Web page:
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Timing matters for whooping cough vaccine during pregnancy

Study finds start of third trimester ideal time for getting Tdap vaccine

File photo (CNN Image)

The Tdap vaccine, which protects against serious diseases -- tetanus, diphtheria and pertussis (also known as whooping cough) -- has been an important vaccine for pregnant women for years.

Now, a recent study shows the ideal time for a pregnant mom to get the vaccine is at the beginning of her third trimester.

The study looked at data on 626 pregnant women.

Researchers found that women who were vaccinated with Tdap early in their third trimester had the greatest concentration of antibodies available to protect their babies.

When a woman gets a vaccine, she creates antibodies that travel through the umbilical cord to the baby. 

According to Dr. Salena Zanotti, a women’s health physician at Cleveland Clinic who did not take part in the study, when it comes to the Tdap vaccine, protection against whooping cough is of utmost importance.

“What we found, several years ago, was that many newborns were getting pertussis, or whooping cough, and because their immune systems are so weak and their lungs are still weak, they were getting very ill and had a significantly higher risk of pneumonia, or even death,” she said.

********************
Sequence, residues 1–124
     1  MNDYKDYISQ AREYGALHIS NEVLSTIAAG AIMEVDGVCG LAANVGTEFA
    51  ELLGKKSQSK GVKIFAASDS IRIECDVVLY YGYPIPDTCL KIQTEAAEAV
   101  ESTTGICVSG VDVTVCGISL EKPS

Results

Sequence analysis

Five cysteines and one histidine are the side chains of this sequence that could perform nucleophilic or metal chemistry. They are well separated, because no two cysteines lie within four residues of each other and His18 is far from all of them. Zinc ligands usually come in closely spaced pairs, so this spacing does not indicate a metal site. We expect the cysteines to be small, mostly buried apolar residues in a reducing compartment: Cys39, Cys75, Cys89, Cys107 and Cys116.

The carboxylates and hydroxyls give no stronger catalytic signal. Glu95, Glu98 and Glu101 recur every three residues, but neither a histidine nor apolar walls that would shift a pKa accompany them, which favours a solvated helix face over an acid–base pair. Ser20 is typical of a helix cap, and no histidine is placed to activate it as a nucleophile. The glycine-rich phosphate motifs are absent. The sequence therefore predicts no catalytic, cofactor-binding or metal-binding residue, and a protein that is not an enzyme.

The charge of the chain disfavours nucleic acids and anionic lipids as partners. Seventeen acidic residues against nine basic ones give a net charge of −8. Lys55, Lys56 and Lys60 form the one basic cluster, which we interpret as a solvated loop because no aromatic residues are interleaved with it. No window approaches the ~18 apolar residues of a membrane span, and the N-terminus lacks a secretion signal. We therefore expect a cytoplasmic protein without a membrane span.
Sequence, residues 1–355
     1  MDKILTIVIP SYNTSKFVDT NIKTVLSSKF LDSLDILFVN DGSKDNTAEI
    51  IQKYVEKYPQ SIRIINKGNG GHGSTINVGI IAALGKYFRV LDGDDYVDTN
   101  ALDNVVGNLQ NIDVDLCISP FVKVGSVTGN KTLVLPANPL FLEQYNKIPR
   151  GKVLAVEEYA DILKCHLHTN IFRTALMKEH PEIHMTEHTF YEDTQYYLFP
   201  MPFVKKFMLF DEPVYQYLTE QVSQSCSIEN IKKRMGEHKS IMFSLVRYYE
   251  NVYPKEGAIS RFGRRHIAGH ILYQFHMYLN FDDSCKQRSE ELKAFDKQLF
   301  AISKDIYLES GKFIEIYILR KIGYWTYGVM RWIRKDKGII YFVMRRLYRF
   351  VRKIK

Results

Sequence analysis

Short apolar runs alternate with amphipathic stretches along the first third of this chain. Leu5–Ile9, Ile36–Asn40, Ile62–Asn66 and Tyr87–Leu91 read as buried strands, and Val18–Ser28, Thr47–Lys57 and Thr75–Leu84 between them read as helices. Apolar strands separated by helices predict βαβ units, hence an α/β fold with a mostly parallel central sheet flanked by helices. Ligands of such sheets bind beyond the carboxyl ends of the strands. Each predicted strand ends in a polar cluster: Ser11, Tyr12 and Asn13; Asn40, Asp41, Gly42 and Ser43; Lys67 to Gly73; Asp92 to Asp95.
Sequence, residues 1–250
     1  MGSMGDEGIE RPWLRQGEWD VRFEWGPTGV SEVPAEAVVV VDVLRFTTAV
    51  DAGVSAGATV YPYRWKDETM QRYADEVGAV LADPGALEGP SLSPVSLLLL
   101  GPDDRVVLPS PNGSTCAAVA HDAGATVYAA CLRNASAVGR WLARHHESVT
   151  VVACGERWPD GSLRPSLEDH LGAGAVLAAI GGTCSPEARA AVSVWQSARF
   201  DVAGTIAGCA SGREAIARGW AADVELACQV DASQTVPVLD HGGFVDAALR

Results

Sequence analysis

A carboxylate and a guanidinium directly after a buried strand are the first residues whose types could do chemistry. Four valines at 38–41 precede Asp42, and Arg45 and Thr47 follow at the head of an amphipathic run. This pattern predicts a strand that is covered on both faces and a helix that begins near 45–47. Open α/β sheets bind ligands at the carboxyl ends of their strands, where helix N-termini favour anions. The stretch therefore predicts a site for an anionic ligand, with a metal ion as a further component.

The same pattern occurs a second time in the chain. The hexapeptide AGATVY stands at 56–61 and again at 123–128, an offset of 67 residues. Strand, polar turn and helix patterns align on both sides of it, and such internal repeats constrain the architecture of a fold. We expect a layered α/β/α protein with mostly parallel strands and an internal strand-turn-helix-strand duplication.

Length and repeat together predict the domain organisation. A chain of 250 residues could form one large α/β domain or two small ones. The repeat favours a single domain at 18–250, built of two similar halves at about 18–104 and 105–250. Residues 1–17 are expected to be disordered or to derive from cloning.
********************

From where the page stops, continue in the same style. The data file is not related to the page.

Zanotti said getting both the Tdap vaccine and the flu vaccine at the same time is safe. 

And with each new pregnancy, women should be re-vaccinated with Tdap.

Likewise, any other caregivers who will be spending significant time around the new baby should also get the Tdap vaccine every 10 years.

Zanotti said the most important thing that pregnant moms need to know is that the Tdap vaccine is safe and highly recommended for anyone who will be spending a lot of time with the baby.

“Women need to know that the vaccine is safe and to talk about it, especially with their family members and friends who are going to be around the baby, to make sure they get it, because all we’re doing is protecting the baby,” she said.

Zanotti said whooping cough can be fatal for infants and that since women have been getting vaccinated during pregnancy since 2012, doctors have been seeing less deaths from the respiratory disease.

Complete results of the study can be found in JAMA.